Here is how I would approach this problem. First, when possible we should make use of the Attributes of the functions in use with regard to their effect on pattern matching.

These attributes follow the natural application of the functions to which they apply so often they make mathematical matching easier. (Sometimes you don't want that.)

The OneIdentity attribute of Times lets this pattern match:

MatchQ[#, _. "X"] & /@ {"X", 5 "X"}

{True, True}

_. is an Optional pattern (it uses the Default value).

Plus in your application is somewhat more tricky because Plus[x] evaluates to x directly. Since I don't know how to both prevent this invalid simplification and preserve the OneIdentity behavior illustrated above I will have to turn to a more manual approach and use Alternatives. Here is my solution (p2):

p1 = (_. (h : Sin | Cos)[_]) ..;
p2 = p1 | Verbatim[Plus][p1];


MatchQ[#, p2] & /@ trueTests
MatchQ[#, p2] & /@ falseTests

{True, True, True, True, True, True, True, True}

{False, False, False, False, False}

There are several parts to this pattern. The first listed was explained preemptively by RiemannZeta in a comment above.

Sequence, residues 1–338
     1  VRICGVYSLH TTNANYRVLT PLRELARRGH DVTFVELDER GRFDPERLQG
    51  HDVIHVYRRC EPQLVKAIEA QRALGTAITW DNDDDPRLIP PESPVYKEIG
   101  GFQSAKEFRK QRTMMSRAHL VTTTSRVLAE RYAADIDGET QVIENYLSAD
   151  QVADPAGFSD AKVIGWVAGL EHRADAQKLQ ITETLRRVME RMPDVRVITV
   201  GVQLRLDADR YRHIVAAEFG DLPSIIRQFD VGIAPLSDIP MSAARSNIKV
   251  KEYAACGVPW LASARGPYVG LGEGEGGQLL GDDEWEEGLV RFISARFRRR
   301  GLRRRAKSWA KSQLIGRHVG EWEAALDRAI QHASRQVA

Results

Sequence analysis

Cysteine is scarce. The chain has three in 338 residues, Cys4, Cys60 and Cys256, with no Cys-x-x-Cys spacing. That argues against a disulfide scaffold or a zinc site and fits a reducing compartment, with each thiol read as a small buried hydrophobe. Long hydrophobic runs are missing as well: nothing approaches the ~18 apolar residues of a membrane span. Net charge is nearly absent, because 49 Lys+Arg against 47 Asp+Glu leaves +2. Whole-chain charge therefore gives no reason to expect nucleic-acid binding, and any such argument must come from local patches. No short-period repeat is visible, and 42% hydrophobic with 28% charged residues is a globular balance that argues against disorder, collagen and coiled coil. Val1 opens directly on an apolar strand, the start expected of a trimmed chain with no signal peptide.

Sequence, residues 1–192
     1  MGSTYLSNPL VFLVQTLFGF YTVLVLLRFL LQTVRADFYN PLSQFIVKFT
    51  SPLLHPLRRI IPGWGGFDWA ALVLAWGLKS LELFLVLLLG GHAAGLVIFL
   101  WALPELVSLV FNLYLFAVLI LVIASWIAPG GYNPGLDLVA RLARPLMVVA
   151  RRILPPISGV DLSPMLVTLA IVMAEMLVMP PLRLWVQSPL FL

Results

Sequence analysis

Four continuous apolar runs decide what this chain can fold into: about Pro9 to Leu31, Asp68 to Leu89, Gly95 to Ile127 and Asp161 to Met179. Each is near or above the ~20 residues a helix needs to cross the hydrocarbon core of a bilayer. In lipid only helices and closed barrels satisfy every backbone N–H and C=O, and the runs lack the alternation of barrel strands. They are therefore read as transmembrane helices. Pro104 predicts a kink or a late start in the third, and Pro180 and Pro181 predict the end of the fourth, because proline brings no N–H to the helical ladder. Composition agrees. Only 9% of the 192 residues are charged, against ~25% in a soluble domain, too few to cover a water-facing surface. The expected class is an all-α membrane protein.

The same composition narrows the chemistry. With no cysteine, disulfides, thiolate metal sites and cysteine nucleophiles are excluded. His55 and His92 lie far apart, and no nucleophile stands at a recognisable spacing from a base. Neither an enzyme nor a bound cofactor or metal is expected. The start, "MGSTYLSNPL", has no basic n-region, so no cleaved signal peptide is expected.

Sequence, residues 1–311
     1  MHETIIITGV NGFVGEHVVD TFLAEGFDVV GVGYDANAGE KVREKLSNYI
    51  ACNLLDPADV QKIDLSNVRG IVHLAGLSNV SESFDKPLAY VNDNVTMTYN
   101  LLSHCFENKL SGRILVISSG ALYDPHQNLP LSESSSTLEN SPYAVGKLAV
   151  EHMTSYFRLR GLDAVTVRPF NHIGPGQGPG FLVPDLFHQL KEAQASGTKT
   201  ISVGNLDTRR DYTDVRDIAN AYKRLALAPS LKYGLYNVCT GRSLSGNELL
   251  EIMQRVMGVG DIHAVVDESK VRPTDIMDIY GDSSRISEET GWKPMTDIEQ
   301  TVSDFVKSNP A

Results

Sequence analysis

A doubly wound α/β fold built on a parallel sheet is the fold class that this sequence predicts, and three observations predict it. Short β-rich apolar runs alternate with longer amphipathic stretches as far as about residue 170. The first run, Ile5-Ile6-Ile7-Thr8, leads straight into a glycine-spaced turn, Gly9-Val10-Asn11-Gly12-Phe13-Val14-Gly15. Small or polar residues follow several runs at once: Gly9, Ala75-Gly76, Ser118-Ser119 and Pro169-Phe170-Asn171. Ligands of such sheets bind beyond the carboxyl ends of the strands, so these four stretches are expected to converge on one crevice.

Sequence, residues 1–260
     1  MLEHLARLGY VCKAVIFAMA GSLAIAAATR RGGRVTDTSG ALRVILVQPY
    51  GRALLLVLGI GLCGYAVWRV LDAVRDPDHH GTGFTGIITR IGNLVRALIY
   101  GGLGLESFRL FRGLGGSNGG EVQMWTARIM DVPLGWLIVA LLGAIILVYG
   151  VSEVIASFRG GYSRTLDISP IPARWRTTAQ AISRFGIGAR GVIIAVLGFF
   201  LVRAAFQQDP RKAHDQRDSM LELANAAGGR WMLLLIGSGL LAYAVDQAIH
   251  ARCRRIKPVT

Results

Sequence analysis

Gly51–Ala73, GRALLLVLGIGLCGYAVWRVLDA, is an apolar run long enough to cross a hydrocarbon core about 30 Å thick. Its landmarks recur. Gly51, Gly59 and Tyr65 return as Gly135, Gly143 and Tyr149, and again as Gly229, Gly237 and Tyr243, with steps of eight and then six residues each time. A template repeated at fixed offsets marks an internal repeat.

• By naming the Pattern Sin | Cos we require all appearances (in any given matching application) of that pattern to be identical for the pattern to match.

  • Repeated is used to match one or more instances of a given pattern

  • The Optional pattern _. is used in an implicit Times, as already illustrated

  • Alternatives is used to match either a raw instance of the pattern p1 or multiple instances within Plus

  • Verbatim is used to prevent Plus[p1] from evaluating to p1 which would then be a raw Repeated object.

Another way to write p1 that might be easier to read is this:

p1 = (_. _Sin) .. | (_. _Cos) ..;

Responding to Leonid's answer, if one prefers not to use "tricks" such as the pattern behavior of functions with OneIdentity it adds very little code to do without that:

p0 = (h : Sin | Cos)[_];
p1 = (p0 | _*p0) ..;
p2 = p1 | Verbatim[Plus][p1];

MatchQ[#, p2] & /@ trueTests
MatchQ[#, p2] & /@ falseTests

{True, True, True, True, True, True, True, True}

{False, False, False, False, False}

Worth noting is that here as well as above the pattern parts need not be assigned e.g. p0, p1 if one prefers to build the pattern in one shot:

p = # | Verbatim[Plus][#] &[(# | _*#) ..] &[(h : Sin | Cos)[_]];

MatchQ[#, p] & /@ trueTests
MatchQ[#, p] & /@ falseTests

{True, True, True, True, True, True, True, True}

{False, False, False, False, False}

  • 2
    $\begingroup$ Another variant, without Verbatim: p2 = With[{p1 = (_. (h : Sin | Cos)[_]) ..}, HoldPattern[p1 | Plus[p1]]] $\endgroup$ Aug 17, 2013 at 10:09